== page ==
The title and Jesus’ post-resurrection wounds help us know that this is an eschatological image. So it is with great interest that we observe the details of this heavenly banquet Cerezo Barredo envisions. Here we see humanity living in harmony with creation from sunrise to sunset; nature flourishes and grows, with dead tree stumps offering new sprouts; and the wisdom of Indigenous peoples keeps the community grounded. Men and women of all walks of life offer their learning as they gather around a table filled with local cuisine of bread, water, wine, plantains, and more. Christ, who looks like the people he serves, warmly draws the community together, honoring the dignity of each person at this heavenly banquet.
In murals such as this and his impressive mural in the Catedral de la Prelatura de São Félix do Araguaia, Cerezo Barredo shows the breadth of his theological and artistic vision. It’s not just about the struggle against injustice and walking with those in need, as important as those are. It’s about the complete realization of the kingdom of God and the flourishing of each and every person. In fact, Cerezo Barredo’s vision expresses communion with all of God’s creation.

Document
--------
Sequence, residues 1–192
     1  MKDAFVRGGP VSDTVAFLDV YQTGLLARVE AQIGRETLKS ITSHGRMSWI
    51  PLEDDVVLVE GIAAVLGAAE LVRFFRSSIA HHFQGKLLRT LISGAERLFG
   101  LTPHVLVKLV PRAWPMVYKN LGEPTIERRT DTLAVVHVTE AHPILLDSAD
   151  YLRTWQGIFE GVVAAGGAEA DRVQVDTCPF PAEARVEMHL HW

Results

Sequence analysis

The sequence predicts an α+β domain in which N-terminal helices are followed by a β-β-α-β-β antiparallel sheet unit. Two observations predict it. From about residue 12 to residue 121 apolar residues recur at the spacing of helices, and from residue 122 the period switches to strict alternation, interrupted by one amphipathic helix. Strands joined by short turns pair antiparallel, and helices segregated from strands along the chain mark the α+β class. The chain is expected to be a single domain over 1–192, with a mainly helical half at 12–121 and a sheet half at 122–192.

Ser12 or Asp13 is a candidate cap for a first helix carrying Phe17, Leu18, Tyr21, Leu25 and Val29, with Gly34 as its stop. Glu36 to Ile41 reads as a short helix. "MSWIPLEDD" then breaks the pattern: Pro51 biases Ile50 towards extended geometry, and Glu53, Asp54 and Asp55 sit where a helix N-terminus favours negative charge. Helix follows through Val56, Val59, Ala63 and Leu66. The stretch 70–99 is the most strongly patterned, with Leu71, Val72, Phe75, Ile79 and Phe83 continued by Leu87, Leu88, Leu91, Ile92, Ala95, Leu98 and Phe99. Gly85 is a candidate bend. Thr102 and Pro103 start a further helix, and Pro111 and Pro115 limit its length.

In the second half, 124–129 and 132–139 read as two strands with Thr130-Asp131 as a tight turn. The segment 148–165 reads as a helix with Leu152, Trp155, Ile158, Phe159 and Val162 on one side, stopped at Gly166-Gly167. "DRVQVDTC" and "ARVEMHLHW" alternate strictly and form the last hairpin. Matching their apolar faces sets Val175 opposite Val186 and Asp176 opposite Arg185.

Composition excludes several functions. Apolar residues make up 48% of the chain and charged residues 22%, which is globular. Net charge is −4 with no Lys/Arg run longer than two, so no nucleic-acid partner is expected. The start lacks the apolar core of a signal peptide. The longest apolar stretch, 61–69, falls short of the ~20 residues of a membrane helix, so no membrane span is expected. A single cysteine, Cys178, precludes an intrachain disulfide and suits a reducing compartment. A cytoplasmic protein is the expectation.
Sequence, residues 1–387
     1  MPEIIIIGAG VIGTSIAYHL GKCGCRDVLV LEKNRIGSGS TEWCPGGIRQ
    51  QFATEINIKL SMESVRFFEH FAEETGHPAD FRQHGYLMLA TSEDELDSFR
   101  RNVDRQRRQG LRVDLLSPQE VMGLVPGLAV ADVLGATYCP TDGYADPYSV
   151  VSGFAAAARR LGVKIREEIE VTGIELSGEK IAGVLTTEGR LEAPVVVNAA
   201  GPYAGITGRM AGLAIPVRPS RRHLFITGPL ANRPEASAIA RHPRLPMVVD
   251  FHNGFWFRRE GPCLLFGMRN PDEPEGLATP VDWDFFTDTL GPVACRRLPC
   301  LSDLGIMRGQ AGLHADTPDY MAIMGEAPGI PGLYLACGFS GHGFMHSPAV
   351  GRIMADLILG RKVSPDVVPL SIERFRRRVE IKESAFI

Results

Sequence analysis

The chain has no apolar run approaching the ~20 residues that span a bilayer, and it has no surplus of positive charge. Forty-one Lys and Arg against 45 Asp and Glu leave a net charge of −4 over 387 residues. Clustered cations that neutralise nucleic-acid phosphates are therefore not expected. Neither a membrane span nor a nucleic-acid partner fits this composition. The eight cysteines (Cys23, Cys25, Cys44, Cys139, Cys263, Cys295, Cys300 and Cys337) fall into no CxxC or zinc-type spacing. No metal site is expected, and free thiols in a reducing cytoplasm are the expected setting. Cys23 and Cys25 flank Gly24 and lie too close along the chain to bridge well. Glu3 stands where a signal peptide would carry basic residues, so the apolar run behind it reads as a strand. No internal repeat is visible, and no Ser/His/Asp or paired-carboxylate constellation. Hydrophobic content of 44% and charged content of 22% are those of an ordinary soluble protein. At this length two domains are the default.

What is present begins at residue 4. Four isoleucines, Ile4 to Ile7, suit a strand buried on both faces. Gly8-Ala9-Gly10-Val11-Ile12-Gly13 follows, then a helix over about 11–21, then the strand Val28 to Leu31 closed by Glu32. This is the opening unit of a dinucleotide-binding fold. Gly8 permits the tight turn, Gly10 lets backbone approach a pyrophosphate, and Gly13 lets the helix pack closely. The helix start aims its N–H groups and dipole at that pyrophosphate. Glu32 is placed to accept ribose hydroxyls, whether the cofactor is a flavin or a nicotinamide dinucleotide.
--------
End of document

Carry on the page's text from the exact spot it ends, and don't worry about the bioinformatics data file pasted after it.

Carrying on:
Cerezo Barredo chooses to paint this message in murals, a medium difficult to be bought and sold. The point is not that all art should be free. The artist, like Jesus working alongside the people, is entitled to a just wage. Instead, Cerezo Barredo’s art strives to emulate a more Christ-like way of being in unison with the community. He portrays a way rooted in the God revealed in sacred scriptures, a God who hears the cry of the suffering. This is a way neither ignorant of nor stifled by injustice. Instead, it is a way that shows both solidarity and hope.